It was 1979: Punk rock was at its peak, rents in SoHo were still cheap, and Nick Krushenick was nearly a forgotten man. My college painting class was on a field trip to New York City, where a visit to Krushenick’s studio had been arranged. The artist showed little enthusiasm, reluctantly pulling a few paintings from a leaning stack, far less interested in talking about his work than he was in bragging about his son’s band, which had just cut their first record.

Flash forward to 2015, and the late Krushenick is now the subject of a solo show at Skidmore College’s Frances Young Tang Teaching Museum and Art Gallery, such a rarity that the 20 major pieces it has brought together represent the biggest collection of his work ever seen publicly. Nicholas Krushenick: Electric Soup, on view through Sunday, August 16, is a brash, bold exhibition that spans over 30 years of output with pristine, large-scale acrylics that appear so fresh they just about jump right off the wall.

Click to read the rest at Get Visual.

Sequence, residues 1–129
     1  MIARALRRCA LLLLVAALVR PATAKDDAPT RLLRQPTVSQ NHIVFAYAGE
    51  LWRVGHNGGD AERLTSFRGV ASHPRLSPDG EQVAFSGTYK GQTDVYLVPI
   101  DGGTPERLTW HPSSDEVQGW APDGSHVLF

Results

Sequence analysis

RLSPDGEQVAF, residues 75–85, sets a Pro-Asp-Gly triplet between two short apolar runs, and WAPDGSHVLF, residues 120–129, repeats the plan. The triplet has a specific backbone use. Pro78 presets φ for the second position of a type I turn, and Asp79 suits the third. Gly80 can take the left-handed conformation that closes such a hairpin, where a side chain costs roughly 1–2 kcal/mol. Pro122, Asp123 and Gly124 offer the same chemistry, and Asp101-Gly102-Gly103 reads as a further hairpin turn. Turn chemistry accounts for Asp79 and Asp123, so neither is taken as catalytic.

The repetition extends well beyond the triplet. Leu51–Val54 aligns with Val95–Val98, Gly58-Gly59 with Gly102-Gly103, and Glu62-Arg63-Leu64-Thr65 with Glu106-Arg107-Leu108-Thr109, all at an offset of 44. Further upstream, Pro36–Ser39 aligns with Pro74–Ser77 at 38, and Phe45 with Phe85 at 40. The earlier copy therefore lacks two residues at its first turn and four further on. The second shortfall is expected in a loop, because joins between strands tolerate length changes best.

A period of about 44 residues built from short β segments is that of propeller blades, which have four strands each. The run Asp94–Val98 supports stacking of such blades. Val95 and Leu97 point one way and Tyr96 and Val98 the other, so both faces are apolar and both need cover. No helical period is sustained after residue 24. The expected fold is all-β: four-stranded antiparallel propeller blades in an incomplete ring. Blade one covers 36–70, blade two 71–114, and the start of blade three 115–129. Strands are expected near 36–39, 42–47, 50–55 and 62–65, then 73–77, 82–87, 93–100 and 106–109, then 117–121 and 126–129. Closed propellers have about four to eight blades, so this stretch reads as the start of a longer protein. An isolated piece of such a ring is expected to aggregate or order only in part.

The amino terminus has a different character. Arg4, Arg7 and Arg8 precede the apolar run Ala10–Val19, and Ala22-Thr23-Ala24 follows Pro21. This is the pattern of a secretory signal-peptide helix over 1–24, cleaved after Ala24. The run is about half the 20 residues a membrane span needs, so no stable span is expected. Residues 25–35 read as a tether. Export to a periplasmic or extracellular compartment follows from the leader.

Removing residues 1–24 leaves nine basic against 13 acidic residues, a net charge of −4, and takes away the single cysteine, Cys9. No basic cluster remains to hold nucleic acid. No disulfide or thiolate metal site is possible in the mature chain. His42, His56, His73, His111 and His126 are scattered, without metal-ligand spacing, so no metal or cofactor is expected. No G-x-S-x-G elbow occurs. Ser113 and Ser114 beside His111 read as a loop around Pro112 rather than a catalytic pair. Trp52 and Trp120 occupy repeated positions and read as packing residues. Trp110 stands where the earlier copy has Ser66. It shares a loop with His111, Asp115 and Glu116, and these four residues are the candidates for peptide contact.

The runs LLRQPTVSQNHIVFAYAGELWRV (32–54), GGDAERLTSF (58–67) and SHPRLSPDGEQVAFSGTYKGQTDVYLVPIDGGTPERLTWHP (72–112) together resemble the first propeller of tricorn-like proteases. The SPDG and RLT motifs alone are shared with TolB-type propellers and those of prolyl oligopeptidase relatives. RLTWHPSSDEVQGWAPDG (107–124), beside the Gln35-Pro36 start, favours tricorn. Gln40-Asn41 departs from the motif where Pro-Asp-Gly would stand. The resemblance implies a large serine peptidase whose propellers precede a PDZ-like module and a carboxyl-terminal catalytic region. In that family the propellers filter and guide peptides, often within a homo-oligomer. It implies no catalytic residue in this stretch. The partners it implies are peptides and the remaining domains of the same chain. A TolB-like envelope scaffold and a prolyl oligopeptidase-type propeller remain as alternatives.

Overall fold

Adirondack Artists Guild’s 17th Annual Juried Art Competition [Get Visual]

Monday, March 23rd, 2015
BEST IN SHOW: Elaine Vollherbst - Highway 28N Long Lake

BEST IN SHOW: Elaine Vollherbst’s “Highway 28N Long Lake”

By David Brickman

Last weekend I had the privilege of driving up to Saranac Lake to judge the 17th annual Juried Art Competition at the Adirondack Artists Guild. When I arrived, the Guild’s gallery – a pleasant, functional storefront on Main Street – was crammed with 185 entries in all media. My job was to trim these submissions to about 75 for the show, and to choose prizes to be awarded at the show’s opening reception: Best in Show (which carries with it the opportunity to have a solo exhibition at the gallery in November); 1st, 2nd and 3rd prizes; and five Honorable Mentions. Needless to say, it was a daunting task.